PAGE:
Workers’ compensation settlements are determined by several factors that are specific to each case. Cases involving severe injuries tend to have a greater payout because the losses associated with severe injuries tend to be greater. For example, medical expenses can increase with the need for months of physical therapy.
Examples of cases involving severe injuries include disfigurement, dismemberment, and disabilities. Both economic and noneconomic losses add up to determine what fair compensation would look like.
While this process seems relatively straightforward, problems can arise quickly. Determining liability in an accident may prove to be tricky, given the situation and the company that you are working with. Estimating fair recovery can also become complicated, and you do not want to risk any further losses due to your accident.
Fortunately, you have the option to get help from a lawyer who can manage how your workers’ compensation settlement is determined. A lawyer can help you calculate your real losses in order to seek fair compensation.
History of Workers’ Compensation
Workers’ compensation has been around in the United States since the early 1900s, according to the U.S. Social Security Administration (SSA). Workers’ compensation laws became more important in the United States because of widespread industrialization. As more workers suffered injuries while working with the new machines, legislators pushed for better protections for workers.
Every few years, states may change their laws to try to address existing problems while adapting to new workplace environments. The U.S. Department of Labor lists the links to each state’s workers’ compensation officials.
Your lawyer can help you navigate the applicable laws in your state that pertain to your case.
Types of Settlements
Every state differs on how they handle settlements, and negotiations could end in a variety of ways. There are generally five types of settlements, which include:
- Agreement settlements: Both parties agree to compensation and submit the agreement to the Workers’ Compensation Commissioner for approval.
- Compromise settlements: When both parties cannot agree to a specific amount of compensation, the Commissioner can reach a compromise for them.
- Combination settlements: A combination of multiple types of settlements, which is usually reserved for cases where specific things must happen for different parts of the agreement.
- Contingent settlements: Each part of the agreement is triggered by a specific action. It is reserved for cases where other organizations like Medicare or Medicaid must approve the compensation terms. If the events that trigger the settlement terms do not happen, the agreement is void.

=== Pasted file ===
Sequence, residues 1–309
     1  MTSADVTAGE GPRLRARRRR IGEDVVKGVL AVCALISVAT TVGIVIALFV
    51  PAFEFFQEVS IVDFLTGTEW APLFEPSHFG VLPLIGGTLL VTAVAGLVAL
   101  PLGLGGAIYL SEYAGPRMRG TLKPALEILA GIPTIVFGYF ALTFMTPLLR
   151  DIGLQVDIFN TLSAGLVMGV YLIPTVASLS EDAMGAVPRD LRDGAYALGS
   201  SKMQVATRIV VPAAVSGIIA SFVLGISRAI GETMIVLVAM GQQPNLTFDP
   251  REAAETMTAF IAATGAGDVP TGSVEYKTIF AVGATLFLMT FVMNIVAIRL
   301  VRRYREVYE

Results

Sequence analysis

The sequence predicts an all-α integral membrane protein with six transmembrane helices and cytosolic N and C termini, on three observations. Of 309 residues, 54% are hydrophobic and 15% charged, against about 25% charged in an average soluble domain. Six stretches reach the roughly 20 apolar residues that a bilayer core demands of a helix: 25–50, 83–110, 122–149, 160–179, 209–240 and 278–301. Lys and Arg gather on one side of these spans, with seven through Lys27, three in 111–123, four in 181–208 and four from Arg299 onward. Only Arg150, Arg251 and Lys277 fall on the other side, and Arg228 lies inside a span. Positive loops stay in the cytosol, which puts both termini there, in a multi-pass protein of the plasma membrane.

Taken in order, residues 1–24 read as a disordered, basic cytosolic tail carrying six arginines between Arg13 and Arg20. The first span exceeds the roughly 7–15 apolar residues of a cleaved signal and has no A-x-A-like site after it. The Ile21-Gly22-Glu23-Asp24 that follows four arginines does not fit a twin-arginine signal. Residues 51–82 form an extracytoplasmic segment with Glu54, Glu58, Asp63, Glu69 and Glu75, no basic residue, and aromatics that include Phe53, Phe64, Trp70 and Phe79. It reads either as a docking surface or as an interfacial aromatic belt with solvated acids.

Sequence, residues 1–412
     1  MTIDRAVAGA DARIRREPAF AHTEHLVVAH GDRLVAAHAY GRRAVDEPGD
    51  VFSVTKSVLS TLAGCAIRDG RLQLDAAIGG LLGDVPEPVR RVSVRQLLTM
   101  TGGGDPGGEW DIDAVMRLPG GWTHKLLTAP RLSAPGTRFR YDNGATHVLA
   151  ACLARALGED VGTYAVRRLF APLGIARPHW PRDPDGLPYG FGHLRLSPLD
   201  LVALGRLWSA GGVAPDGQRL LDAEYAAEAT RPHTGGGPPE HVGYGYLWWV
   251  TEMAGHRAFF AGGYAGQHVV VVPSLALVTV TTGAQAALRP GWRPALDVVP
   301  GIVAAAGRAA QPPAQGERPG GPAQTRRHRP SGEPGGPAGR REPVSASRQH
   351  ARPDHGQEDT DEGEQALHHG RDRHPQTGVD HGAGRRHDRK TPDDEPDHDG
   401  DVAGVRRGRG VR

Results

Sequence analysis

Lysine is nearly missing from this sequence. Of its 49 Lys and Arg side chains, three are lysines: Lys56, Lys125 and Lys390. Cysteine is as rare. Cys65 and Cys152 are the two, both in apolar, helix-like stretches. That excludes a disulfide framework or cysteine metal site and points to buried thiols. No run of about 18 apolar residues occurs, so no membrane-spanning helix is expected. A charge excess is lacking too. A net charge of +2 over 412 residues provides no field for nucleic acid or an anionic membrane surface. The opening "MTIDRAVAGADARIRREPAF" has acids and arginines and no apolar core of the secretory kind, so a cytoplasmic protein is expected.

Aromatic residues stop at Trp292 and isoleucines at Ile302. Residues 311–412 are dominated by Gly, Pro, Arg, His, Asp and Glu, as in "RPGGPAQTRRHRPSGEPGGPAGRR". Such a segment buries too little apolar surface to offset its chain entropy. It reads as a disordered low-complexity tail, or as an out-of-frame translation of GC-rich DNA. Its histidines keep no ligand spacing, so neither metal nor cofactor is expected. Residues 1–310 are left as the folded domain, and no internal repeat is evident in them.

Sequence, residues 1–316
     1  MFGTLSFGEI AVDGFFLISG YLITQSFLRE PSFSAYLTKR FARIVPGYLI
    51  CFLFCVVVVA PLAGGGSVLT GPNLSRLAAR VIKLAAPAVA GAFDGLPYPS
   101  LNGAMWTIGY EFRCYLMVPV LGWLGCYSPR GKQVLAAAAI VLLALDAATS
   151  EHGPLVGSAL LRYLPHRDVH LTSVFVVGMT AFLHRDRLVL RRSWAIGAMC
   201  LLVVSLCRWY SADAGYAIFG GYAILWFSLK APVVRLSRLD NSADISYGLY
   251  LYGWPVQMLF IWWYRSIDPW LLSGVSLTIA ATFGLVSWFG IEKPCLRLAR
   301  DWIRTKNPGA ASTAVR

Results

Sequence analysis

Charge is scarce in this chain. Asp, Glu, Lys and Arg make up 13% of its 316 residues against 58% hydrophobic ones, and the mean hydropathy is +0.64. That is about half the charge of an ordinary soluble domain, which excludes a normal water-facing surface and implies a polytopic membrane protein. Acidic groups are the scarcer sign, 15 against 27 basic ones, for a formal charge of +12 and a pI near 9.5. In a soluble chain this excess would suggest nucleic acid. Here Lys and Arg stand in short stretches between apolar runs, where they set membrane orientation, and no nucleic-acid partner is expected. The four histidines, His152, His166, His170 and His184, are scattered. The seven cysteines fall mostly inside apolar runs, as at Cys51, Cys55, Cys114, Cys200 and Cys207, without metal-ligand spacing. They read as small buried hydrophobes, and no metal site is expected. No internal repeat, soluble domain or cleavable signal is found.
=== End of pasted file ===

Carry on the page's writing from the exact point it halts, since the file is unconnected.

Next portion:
- Lump-sum payments: The payout is made in a single large installment or several large installments.
Regardless of which type of settlement applies in your case, you have the right to have a lawyer review the agreement. This can help you ensure that you seek the compensation that you deserve.
Understanding Workers’ Compensation Settlements
Workers’ compensation programs are designed to help workers and other financial obligations when they are injured at work. When you are injured at work, you will have medical bills and possibly other expenses to deal with.
On top of that, and injury to keep you out of work limits how much money you can earn. This only makes the financial problems worse. Workers’ compensation programs can provide monetary compensation to help you handle these expenses and get the medical services that you need to fully recover and get back to work.
Every state except for Texas mandates that employers must have a workers’ compensation program. It is created and managed through insurance companies, which means that your payments for the workers’ compensation program will come from the insurance company.
Your company has a process for filing claims which may or may not be easy to do. You can also have legal support from a lawyer throughout the process to ensure that your needs are addressed. A workers compensation attorney can help you understand all the terms, provisions, and limitations you might face along the way. They will also explain your state’s regulations regarding filing workers’ compensation claims, waiting times, potential issues (claim denial), and more.
Filing a Claim
The processor filing a claim for workers’ compensation benefits is relatively straightforward but can vary slightly depending on what state you are in. The first step in the process is to seek medical treatment. When you are able, report the injury to your employer using whatever methods your employer set up. Your employer will contact the insurance company and the insurance company will take over the handling of the case.
Some companies make it difficult to file for workers’ compensation benefits by making the process reporting injuries convoluted and difficult to manage. There is a limited amount of time that you have to report your injury, which is different for every state. As soon as you are able, contact a lawyer for assistance in handling your case. This can eliminate many of the problems related to filing for benefits.
Call for a Free Consultation
Dealing with workers’ compensation settlements can be difficult on your own, especially if you are still trying to recover from your injuries. Consider hiring a lawyer to help you through the process. There are factors that go into how workers’ compensation settlements are determined, which will require extensive work on your part to ensure that your situation is accurately represented.
Ask a lawyer about your case to see the best way to address the situation. Call the offices of Ben Crump Law, PLLC at (800) 603-4224 for a free consultation about your case.